I’m betting most of you reading this publication are weather watchers — checking the local forecast a few times a day, factoring that information into your upcoming plans, and keeping an eye on the sky when forecasters project storms.
We’re heading into spring’s wild weather season with its potential for severe thunderstorms, wind and tornadoes at the same time we’ll spend more time outside working, in recreation and at kids’ activities, so now is the right time for a refresher on storm hazards, what to look for and how to respond.
Last spring, with this transitional weather in mind, I signed up for storm spotter training through my local National Weather Service office, the NWS Quad Cities Storm Spotters.
The National Weather Service sponsors SKYWARN, a program made up of thousands of volunteers across the U.S. who have taken SKYWARN training. This training is provided several ways: face-to-face by local forecasters, through online modules, or a combination of in-person and online, depending on the requirements of each local NWS weather forecast office. (A list of local NWS offices and contacts is available at bit.ly/3tnJptP).
The SKYWARN spotter training online has two units, Role of the SKYWARN Spotter, which covers what and how to communicate to a local NWS office while staying safe and aware, and SKYWARN Spotter Convective Basics, which covers basics of thunderstorm development, storm structure and identifying potential severe weather.
While the training module notes that it takes about two hours to complete these units, I took my time, spending extra time going through the impressive array of images and photos showing features of storm systems covered in the Convective Basics unit.
To be clear, SKYWARN storm spotters are not storm chasers, rather spotters relay real-time reports to local NWS forecast offices of conditions they’re observing on the ground — this is called “providing ground truth” — that can help forecasters make decisions on getting NWS warnings out to the public.
Spotter networks have been around since the early 1940s, when around 100 loosely organized “networks” were located near U.S. ammunition plants to warn of hazardous lightning and inform decision making. Since the NWS SKYWARN program was established in the 1970s, the number of trained spotters has grown to 350,000 to 400,000 trained volunteers.
The NWS encourages “anyone with an interest in public service to join the SKYWARN program. Volunteers include police and fire personnel, dispatchers, EMS workers, public utility workers and private citizens. Individuals affiliated with hospitals, schools, churches and nursing homes or who have a responsibility for protecting others are encouraged to become a spotter.”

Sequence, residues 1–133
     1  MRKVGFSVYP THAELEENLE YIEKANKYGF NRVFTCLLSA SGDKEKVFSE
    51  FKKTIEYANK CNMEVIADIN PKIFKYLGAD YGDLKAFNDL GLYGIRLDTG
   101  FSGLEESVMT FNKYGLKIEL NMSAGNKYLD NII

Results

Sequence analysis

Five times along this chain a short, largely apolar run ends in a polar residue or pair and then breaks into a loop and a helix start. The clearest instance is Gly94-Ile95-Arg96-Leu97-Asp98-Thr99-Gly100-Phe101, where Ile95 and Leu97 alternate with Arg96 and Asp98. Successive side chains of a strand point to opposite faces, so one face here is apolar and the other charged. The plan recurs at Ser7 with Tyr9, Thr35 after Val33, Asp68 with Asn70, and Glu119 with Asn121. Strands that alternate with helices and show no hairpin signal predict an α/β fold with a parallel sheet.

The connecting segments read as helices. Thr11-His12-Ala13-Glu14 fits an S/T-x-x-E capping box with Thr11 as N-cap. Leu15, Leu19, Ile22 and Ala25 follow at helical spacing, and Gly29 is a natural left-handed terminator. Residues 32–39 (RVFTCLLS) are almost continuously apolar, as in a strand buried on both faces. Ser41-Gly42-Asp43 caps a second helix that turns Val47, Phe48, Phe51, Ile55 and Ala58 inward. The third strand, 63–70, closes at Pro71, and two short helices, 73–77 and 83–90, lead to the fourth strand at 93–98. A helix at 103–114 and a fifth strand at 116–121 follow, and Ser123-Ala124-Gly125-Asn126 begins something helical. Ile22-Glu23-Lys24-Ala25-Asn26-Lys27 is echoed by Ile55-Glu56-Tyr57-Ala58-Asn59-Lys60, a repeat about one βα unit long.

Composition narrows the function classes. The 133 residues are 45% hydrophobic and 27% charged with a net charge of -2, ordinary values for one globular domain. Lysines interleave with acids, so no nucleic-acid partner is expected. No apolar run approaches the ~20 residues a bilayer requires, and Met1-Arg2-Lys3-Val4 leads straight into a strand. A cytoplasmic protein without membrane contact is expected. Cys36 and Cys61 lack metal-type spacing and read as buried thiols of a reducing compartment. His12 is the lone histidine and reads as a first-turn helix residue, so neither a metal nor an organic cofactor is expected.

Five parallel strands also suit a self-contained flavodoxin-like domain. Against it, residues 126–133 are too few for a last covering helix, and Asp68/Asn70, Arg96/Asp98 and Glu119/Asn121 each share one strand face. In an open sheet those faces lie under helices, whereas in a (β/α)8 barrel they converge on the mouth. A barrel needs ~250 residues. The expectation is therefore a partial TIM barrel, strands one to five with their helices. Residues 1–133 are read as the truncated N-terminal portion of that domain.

But the classes and online training aren’t exclusive to those who wish to volunteer as spotters. Anyone with an interest in weather, or who wants to learn about storms, or who wants to learn more to ease their fear of storms, are welcome and encouraged to attend.
One of the most important concepts emphasized in the training is safety.
The first online unit, Role of the SKYWARN Spotter, reinforces the “ACES” concept — an acronym for Awareness, Communication, Escape Routes and Safe Zones — which includes guidelines used by emergency management personnel to remain safe in any situation.
- Awareness means constantly observing the situation around you, being aware of potential hazards and possible outcomes so you can make decisions to minimize those risks;
- Communication is about relaying your whereabouts to others on a regular basis and having multiple lines of communication available to keep yourself and others safe;
- Escape routes are clear paths to a safe zone that you should identify from wherever you are, and that will allow you to get to a safe zone in time to protect yourself;
- Safe Zones or shelters are areas where you’re protected from the hazardous condition, either to shelter in place or be completely away from the hazardous event.
Remembering ACES wherever you go can increase your safety in severe weather scenarios.
In-person and virtual spotter SKYWARN training opportunities are now available in March and April through local NWS offices. Classes typically last around two hours. There is no age requirement, but the NWS suggests those aged 10 and up are most likely to get the most out of class.
I plan to take advantage of in-person training that’s available this month in communities near me. It will help me become more aware of local storm-spotting efforts and SKYWARN activities in my area and will be a good refresher to last spring’s online training.
Whether you’re simply an interested weather watcher or considering becoming a SKYWARN Spotter for the NWS, I encourage you to check out the online spotter training course at bit.ly/3Kd0FbN. It involves setting up a free user account through Comet MetEd.
It’s a worthwhile investment of two hours that I expect will pique your interest in what the sky offers up in the coming weeks and provide important clarification for staying safe in severe weather.
Steph Leonard is an occupational safety manager at The University of Iowa. Contact her at [email protected].